In its famous opening sequence, the silent comedian plays every part, including members of a theater orchestra seamlessly appearing three to a shot. He also dresses in drag to play a number of women in the audience and, unfortunately, he does play a couple of Black performers, in blackface. The most Busters we get on-screen at the same time: nine, all on stage as members of a minstrel show. More enjoyable, though, are the two-person shots in which Keaton briefly converses with himself. Not a film first, but arguably a film best.
A Stolen Life (1946) and The Dark Mirror (1946)
A few decades after the dual-role trend of the 1910s, another surge of double-duty films arrived in the late 1930s through the 1940s. This time, the fad was focused mostly on women’s films (exceptions include the 1945 Danny Kaye as a ghost twin comedy Wonder Man). Two of the peak examples arrived months apart in 1946: Warner’s A Stolen Life, starring Bette Davis and Bette Davis, and Universal’s The Dark Mirror, which starred Olivia de Havilland times two.
This was a period when mistaken identity among lookalikes and twins wasn’t done so much for comedy as it was for intentional frame-ups within the stories. Twins tended to be a mix of good and evil. In A Stolen Life, Davis plays sisters, one of whom steals the other’s identity when that twin drowns. Cinematographer Ernest Haller developed new ways of doubling the actress’ performance, and they reunited later for the similar twin thriller Dead Ringer, which progressed the effect further.
The Dark Mirror also involves some switcheroos between sisters, as well as their taking advantage of the situation to provide an alibi for the evil one. When that doesn’t work out, the bad twin does try to frame the good twin while also posing as her sister. I was reminded of these movies and the crimes within during the moment in An American Pickle when Herschel shaves his beard and pretends to be his great-grandson, Ben, in order to get Ben arrested by border patrol officers and then get away himself.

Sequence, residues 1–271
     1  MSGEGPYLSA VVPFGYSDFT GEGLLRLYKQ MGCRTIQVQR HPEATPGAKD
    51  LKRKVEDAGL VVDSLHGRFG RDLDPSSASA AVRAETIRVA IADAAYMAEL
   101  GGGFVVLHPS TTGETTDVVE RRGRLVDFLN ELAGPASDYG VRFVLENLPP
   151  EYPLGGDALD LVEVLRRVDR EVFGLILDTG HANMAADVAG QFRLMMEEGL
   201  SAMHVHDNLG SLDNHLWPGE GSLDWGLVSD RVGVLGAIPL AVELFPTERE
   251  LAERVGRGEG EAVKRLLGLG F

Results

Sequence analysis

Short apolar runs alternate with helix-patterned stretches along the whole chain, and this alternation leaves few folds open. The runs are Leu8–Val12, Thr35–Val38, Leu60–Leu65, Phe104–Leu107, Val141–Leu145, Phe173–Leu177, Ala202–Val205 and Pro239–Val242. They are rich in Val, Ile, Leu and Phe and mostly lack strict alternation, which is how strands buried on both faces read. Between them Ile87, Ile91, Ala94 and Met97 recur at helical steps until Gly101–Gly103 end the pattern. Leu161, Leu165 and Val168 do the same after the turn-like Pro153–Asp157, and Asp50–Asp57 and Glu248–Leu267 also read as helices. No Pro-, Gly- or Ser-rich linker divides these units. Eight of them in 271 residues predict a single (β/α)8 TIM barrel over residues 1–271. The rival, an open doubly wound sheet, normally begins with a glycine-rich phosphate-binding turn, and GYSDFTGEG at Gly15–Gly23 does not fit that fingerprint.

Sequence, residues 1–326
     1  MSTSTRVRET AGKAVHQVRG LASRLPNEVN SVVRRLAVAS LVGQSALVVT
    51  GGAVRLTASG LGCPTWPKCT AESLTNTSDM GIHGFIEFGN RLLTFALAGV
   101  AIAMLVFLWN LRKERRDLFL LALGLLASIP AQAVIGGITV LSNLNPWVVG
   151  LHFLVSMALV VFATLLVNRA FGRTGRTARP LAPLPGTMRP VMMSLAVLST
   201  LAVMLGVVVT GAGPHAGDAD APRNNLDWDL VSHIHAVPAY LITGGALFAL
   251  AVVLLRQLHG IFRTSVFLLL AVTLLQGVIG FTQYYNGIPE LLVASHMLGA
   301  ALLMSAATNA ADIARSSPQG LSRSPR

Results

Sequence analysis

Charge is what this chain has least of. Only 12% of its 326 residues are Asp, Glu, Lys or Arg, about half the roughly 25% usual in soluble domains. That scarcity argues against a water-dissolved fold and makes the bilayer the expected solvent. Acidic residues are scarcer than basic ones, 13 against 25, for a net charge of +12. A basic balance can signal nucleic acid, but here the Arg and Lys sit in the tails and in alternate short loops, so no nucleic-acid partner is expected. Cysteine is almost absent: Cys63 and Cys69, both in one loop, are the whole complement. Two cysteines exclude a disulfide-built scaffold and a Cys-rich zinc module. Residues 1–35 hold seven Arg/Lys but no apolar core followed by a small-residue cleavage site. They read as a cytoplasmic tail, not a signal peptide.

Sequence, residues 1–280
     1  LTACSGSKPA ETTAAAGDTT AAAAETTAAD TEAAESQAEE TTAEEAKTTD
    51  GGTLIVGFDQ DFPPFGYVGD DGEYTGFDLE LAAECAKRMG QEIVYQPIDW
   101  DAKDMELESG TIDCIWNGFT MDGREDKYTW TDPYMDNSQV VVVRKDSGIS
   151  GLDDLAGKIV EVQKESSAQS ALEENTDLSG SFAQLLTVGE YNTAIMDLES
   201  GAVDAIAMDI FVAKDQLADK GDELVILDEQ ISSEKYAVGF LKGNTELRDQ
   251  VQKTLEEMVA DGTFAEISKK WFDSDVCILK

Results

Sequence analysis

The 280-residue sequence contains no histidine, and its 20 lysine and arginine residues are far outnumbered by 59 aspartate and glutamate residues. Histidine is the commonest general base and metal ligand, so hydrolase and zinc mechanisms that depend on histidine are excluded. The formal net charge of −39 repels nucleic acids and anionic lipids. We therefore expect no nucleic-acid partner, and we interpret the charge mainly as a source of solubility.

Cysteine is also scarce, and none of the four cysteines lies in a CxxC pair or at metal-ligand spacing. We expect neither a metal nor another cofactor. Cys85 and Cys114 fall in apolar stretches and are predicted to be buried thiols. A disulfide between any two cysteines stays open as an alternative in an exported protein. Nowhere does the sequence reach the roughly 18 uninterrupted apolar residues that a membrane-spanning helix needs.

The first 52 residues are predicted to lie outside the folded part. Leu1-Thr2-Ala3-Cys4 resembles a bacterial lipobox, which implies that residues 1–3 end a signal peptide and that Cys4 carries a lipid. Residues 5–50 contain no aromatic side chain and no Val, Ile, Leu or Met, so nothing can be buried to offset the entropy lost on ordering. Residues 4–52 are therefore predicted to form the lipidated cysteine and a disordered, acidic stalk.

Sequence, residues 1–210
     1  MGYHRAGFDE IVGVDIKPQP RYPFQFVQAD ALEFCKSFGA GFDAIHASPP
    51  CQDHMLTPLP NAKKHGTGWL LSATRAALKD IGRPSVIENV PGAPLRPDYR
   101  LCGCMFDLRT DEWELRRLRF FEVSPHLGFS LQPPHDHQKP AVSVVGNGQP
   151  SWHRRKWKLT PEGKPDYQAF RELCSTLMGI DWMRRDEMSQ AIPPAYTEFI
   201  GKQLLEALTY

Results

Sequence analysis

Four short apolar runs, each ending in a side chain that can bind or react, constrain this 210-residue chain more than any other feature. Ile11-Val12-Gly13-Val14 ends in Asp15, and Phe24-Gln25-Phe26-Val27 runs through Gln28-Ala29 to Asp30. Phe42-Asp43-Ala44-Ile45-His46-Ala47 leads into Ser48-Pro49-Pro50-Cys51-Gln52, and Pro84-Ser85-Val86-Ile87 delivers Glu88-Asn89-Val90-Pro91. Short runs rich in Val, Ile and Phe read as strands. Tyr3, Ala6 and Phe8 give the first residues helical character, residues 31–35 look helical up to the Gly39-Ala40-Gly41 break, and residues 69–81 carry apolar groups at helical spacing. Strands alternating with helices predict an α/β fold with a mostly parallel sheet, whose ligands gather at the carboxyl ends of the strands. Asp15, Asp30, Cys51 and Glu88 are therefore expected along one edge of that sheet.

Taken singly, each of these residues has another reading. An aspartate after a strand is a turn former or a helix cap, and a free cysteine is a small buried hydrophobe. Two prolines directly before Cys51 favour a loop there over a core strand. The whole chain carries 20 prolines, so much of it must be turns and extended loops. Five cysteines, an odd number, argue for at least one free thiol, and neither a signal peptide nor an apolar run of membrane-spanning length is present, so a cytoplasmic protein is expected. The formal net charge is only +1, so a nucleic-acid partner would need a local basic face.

Fiddler on the Roof (1971)
If I were a rich man, I would cast Seth Rogen in a production of Fiddler on the Roof. It’s hard to watch him as Herschel in An American Pickle and not think of Tevye, the protagonist of this classic musical. The show takes place in a setting similar to Herschel’s fictional village, though here it’s 1905 rather than in 1919. Tevye and Herschel are both old-fashioned and relatively poor Orthodox Ashkenazi Jewish men who favor tradition in spite of all the outside influence and change entering their lives — more so for Herschel since he’s forced into a modern world one-hundred years beyond his origins.
Fiddler on the Roof almost received a direct tribute in An American Pickle. The movie ends with a mid-credits scene where Ben is introducing Hershel to the movie Yentl. Rogen says they also did a version in which they watch this Norman Jewison-helmed adaptation of the musical, but the scene was funnier with Yentl. I think they made the right choice since Fiddler on the Roof is a little too easy and obvious and I can’t imagine what would be amusing enough about it for Herschel to experience.